From KE5DDZ‘s Flickr Library. Talking about amateur radio high speed multimedia applications with the Upper-Rio FM Society in January of 2008. It’s great to see the New Mexico HSMM network taking shape!
Some great press from The Grand Island Independent that gives a good feel for how radio amateurs can be lifesavers when the skies turn dark.
An early reminder for the Michigan QSO Party coming up April 18th. The contest starts at Noon local time and runs through Midnight. We recently changed out all of our shack computers, so I’m working on installing computer logging programs right now. Hoping to have them all talking to each other and happy by QSO party time. I have purchased some USB to serial cables for the shack and I have both N1MM and Ham Radio Deluxe communicating with both radios. We will have to work a little harder this year, as i have put out the challenge our good friends at W8UM. They will be after “The Ol’ Michigan Log” for sure!
We plan on having 2 stations available for operation the entire 12 hour period. I’ll put out a call for operators next week so we can co-ordinate operating times for maximum scores. I’m hoping that we can again pair-up the more experinced operators with the new ones to provide guidence and training to the next generation of contesters. Plan on joining in on the fun!
73 fer nw, Gregg WB8LZG
For many of us older guys, our first experience with home brew was building a crystal radio. Incredibly simple, yet also incredibly magical, some wire a paper tube and a piece of rock suddenly sent Tiger Baseball into our headphones.
From our friends at CrystalRadio.net, some accessible and fun radio theory in practice.
Broadcaster and raconteur Jean Shepherd, K2ORS was an avid amateur radio enthusiast. He spoke often of the hobby on his WOR broadcasts. With thanks to Joe Levine, W8JRK, here is a link to an archive. Included in the collection is his 1985 Dayton HamVention speech where a number of MSUARC members were in attendance. It’s still as funny as it was back in 1985. And anyone who has been in the Armed Forces will surely appreciate “Code School”. Some fun listening.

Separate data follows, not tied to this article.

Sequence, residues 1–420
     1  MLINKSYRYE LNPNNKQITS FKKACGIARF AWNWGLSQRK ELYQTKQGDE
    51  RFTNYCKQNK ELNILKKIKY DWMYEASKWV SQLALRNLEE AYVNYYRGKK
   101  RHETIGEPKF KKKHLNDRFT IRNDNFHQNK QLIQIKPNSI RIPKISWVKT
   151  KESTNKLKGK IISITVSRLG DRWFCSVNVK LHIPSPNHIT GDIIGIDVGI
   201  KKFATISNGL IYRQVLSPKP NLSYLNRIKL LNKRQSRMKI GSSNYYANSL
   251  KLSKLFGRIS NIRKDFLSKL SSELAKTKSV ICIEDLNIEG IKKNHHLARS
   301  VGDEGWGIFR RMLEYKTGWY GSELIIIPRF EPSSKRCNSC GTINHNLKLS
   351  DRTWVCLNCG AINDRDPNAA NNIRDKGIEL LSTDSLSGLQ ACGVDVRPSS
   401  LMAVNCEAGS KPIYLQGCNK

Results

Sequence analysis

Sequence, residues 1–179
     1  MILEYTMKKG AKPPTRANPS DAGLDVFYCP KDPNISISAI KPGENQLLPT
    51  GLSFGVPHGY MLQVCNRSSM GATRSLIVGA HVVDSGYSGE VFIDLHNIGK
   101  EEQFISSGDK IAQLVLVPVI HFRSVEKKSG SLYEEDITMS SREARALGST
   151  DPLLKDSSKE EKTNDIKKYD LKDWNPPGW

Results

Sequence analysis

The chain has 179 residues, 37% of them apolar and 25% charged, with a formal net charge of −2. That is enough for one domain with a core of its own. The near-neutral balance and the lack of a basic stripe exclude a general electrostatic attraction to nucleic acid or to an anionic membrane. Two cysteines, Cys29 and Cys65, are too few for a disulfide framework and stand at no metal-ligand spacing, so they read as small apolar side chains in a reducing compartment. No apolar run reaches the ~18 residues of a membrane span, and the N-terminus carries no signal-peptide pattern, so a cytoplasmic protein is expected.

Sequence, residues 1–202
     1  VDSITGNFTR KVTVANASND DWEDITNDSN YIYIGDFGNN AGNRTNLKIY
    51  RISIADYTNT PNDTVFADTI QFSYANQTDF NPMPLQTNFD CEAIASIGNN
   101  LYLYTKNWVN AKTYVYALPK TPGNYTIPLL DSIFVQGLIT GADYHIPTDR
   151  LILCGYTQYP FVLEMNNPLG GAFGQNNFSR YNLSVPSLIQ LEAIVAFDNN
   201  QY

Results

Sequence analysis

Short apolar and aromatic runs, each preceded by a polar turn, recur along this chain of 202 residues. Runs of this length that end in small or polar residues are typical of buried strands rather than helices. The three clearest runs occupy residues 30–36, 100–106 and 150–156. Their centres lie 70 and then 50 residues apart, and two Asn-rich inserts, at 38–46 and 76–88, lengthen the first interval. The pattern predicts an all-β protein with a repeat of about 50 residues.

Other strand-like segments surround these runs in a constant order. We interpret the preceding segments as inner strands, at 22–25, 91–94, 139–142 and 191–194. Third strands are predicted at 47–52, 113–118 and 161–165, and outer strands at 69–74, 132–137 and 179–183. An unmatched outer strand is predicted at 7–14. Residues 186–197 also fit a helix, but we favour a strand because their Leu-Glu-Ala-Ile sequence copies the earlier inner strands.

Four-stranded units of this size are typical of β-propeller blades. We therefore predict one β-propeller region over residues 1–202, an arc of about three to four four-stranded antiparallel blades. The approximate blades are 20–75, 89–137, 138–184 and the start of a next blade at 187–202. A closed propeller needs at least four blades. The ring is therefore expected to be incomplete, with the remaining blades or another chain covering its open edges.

Good News ! Andrew Temme and I finished installing the new windows 7 computer up in the repeater cabinet this afternoon. After a bit of reconfiguring we were able to bring up Echolink and connect to both W8UM and another repeater in Dayton. We may not have EVERYTHING configured properly, but it looks as though all of the main tone access functions are working. So enjoy the use of the Echo Link System folks. We’re back on line! If any users out there encounter problems , please e-mail me to discuss it, it may just need a bit of TLC. (and a bit of reconfig)
A special word of thanks to the good people in DECS, who graciously helped us with both computers and software to revive our linked system. 73 Gregg WB8LZG
Here are the meeting minutes for 3/19/15:
The meeting came to order at 7:05p.
Present were: Scott KB8VWM, Forest KD8NKI, Reece KD8VNY, Teng (no license yet), Andrew KE7ESD, Gregg WB8LZG, Ed W8EO, Bob W8RSJ, Dennis KB8ZQZ, Steve WB8WSF, John KD8BQX, Dave, K8GVK.